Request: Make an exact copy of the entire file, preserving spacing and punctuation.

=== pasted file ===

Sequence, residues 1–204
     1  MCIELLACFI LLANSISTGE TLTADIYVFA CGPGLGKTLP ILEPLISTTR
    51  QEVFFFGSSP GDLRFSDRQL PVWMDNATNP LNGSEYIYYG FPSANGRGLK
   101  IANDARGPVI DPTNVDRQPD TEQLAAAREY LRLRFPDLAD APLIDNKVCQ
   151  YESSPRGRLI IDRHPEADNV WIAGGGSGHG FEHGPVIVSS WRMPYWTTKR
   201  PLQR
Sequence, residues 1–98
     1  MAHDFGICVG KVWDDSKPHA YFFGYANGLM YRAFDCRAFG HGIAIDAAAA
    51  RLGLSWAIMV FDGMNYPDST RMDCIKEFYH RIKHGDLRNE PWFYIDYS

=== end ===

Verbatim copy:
Sequence, residues 1–204
     1  MCIELLACFI LLANSISTGE TLTADIYVFA CGPGLGKTLP ILEPLISTTR
    51  QEVFFFGSSP GDLRFSDRQL PVWMDNATNP LNGSEYIYYG FPSANGRGLK
   101  IANDARGPVI DPTNVDRQPD TEQLAAAREY LRLRFPDLAD APLIDNKVCQ
   151  YESSPRGRLI IDRHPEADNV WIAGGGSGHG FEHGPVIVSS WRMPYWTTKR
   201  PLQR
Sequence, residues 1–98
     1  MAHDFGICVG KVWDDSKPHA YFFGYANGLM YRAFDCRAFG HGIAIDAAAA
    51  RLGLSWAIMV FDGMNYPDST RMDCIKEFYH RIKHGDLRNE PWFYIDYS